It’s not until Stephen’s bold ministry in Acts 6 and 7 provokes persecution and eventually martyrdom that the disciples disperse beyond their community.

It’s in fleeing that the disciples inadvertently find their former calling: to be a missionary people, a community on the move.

If this is a fair reading of Acts then I think it follows to say that Christians do not seek community as an end in itself but rather community is the result of us seeking other, larger ends.

We build community not for its own sake; we build it incidentally, as our hearts and energies are captured by the greater cause of proclaiming the Gospel message

The anthropologist Victor Turner distinguished between ‘community’ and what he labeled ‘communitas.’

Whereas ‘community’ can be described: as something to be built, as inward-focused, centered on encouraging one another and creating a safe space, Turner says ‘communitas’ is the experience of deeper bonds, support and relationships of people who undergo a shared ordeal.

What Turner labels ‘communitas’ is what people on mission trips often experience as the ‘spiritual high’ of their time serving the poor. With a cause bigger than ourselves, community just sort of happens on its own.

Communitas is only experienced by taking risks together, suffering together, and working together for a cause greater than the community itself.

In other words, when it comes to the ideal Church Turner would have you think of Saving Private Ryan more so than Acts chapter 2. Too many churches miss this experience of ‘communitas’ for no other reason than that they avoid shared ordeals. They opt for a safe, secure environment. Indeed they make a safe, secure environment their goal.

Alan Hirsch explains ‘communitas’ this way:

“…it is a community infused with a grand sense of purpose; a purpose that lies outside of its current internal reality…It’s the kind of community that happens to people in actual pursuit of a common vision of what could be. It involves movement and it describes the experience of togetherness that only really happens among a group of people actually engaging in a mission outside itself.”




I spend several weeks a year in places like Guatemala and Cambodia, places where poverty is urgent and the needs should I say…biblical. This is probably the main reason why I’ve got little patience for the mundane disputes and, often, first world problems that consume congregations. I know that a local church debating the color of the fellowship hall curtains is a cliche but like every cliche it bears the residue of truth. I lived that (endless) debate at my first parish. I didn’t have any patience for it then and I don’t now- though I’ve gotten better at biting my lip.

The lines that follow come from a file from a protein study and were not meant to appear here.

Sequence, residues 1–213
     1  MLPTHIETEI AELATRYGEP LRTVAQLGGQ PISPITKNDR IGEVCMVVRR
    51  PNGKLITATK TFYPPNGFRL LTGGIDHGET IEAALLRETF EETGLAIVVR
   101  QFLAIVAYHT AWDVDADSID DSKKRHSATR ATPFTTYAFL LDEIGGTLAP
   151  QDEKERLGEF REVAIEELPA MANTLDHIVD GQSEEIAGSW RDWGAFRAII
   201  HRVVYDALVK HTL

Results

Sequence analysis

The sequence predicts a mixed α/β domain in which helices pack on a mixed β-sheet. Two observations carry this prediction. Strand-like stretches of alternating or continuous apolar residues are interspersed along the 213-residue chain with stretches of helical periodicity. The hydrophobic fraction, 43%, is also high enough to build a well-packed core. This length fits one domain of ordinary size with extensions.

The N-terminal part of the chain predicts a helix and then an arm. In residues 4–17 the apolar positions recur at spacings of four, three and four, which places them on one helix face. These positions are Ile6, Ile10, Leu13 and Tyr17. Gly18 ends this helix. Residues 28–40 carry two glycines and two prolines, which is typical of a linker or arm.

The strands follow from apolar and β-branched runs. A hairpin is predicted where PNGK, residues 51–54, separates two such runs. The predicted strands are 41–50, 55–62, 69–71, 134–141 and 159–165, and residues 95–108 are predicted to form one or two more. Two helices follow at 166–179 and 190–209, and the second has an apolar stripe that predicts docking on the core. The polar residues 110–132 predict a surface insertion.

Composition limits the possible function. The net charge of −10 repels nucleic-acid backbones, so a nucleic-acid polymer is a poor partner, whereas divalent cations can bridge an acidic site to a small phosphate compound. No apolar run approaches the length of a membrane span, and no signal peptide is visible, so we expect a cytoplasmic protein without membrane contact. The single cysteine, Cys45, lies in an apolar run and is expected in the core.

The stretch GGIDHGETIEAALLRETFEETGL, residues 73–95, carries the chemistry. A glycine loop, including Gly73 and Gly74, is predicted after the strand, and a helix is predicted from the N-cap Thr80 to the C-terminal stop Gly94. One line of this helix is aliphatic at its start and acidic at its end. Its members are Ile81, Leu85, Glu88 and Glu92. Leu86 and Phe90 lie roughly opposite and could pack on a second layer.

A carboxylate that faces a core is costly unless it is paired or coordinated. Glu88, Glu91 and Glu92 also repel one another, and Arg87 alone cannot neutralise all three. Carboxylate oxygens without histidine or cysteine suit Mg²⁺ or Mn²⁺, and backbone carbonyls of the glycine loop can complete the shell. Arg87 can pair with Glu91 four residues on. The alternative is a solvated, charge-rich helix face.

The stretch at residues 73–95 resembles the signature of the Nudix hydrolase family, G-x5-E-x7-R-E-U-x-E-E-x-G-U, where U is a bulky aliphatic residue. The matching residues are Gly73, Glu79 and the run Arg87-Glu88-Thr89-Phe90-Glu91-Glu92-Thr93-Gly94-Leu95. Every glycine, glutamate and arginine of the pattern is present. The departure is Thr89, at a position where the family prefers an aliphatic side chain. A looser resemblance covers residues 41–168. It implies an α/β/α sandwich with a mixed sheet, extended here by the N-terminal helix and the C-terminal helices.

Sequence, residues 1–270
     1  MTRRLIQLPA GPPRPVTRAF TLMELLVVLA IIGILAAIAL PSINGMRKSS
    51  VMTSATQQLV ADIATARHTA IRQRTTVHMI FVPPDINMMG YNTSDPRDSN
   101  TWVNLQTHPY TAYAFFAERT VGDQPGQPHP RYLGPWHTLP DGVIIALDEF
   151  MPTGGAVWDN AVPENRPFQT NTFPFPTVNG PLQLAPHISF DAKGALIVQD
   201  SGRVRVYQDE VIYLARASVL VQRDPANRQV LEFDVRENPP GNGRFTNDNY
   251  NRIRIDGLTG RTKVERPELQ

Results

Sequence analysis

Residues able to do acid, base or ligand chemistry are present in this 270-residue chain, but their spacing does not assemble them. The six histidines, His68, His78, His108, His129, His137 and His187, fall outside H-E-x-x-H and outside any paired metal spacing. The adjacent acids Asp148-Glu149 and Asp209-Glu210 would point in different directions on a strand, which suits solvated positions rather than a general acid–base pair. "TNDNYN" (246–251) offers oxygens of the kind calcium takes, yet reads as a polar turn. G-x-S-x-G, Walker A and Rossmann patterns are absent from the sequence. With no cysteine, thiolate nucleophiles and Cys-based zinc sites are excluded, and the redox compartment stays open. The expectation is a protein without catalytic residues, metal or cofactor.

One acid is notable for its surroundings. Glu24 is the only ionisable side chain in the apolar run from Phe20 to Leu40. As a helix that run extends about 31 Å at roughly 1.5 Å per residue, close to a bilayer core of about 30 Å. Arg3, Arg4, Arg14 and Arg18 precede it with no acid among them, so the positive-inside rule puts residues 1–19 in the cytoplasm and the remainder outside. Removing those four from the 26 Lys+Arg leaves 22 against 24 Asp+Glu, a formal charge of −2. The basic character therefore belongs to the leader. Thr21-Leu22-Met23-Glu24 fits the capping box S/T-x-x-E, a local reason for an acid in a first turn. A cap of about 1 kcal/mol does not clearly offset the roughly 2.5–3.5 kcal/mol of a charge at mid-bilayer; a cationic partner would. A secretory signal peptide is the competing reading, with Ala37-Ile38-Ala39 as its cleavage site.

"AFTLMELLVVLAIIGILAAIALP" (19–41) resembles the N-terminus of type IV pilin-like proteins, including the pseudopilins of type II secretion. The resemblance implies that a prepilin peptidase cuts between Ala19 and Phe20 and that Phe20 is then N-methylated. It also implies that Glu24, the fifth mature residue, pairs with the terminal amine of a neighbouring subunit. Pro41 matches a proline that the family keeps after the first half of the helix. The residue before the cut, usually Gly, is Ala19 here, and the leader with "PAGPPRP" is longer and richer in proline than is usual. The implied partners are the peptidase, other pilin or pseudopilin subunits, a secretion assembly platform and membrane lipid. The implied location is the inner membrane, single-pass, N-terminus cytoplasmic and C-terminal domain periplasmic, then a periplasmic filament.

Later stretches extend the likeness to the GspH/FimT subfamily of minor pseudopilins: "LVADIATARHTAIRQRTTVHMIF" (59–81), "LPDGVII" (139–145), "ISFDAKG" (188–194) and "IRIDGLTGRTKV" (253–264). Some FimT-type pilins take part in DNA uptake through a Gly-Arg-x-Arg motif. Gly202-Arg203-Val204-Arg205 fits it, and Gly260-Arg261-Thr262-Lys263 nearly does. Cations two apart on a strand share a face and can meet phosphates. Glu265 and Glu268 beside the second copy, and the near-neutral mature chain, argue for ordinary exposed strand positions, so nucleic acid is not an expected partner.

I simply don’t care for debates about carpet color or the ingredients that make for a successful coffee hour. To some ‘this is how we’ve always done it’ sounds like a compelling point. To me, aware that mainline churches are preparing for the worst of a 50 year old decline, such a perspective only sounds like a recipe for continued, inconsequential mediocrity.

A church mired in such matters is very often a church that’s lost any sense of its mission.

That I’ve got no patience for such things is NOT to say such things surprise me.

I first cut my Christian teeth on Thomas Merton’s memoir, Seven Story Mountain. Besides the prose alone, I loved how Merton revealed the inside happenings and sheer ordinariness of a cloistered monastery. Even dedicated men of the cloth can be boring, petty and vindictive.

People are often surprised that Christian communities can be every bit as dysfunctional as any other group or family. Will Willimon says that it should be this way; after all, demons only make an appearance in scripture when Jesus is present. That sin makes an appearance in churches might be an indication that Jesus hasn’t completely jettisoned us yet.

The NY Times ran a story Sunday about the dysfunction in a lay Christian community in Washington. My only reaction to the article was one of wonderment. What did these people expect by living with other Christians? Haven’t they ever been part of a local church? Hadn’t they ever seen that episode of the X-Files where Scully and Mulder move into the planned community?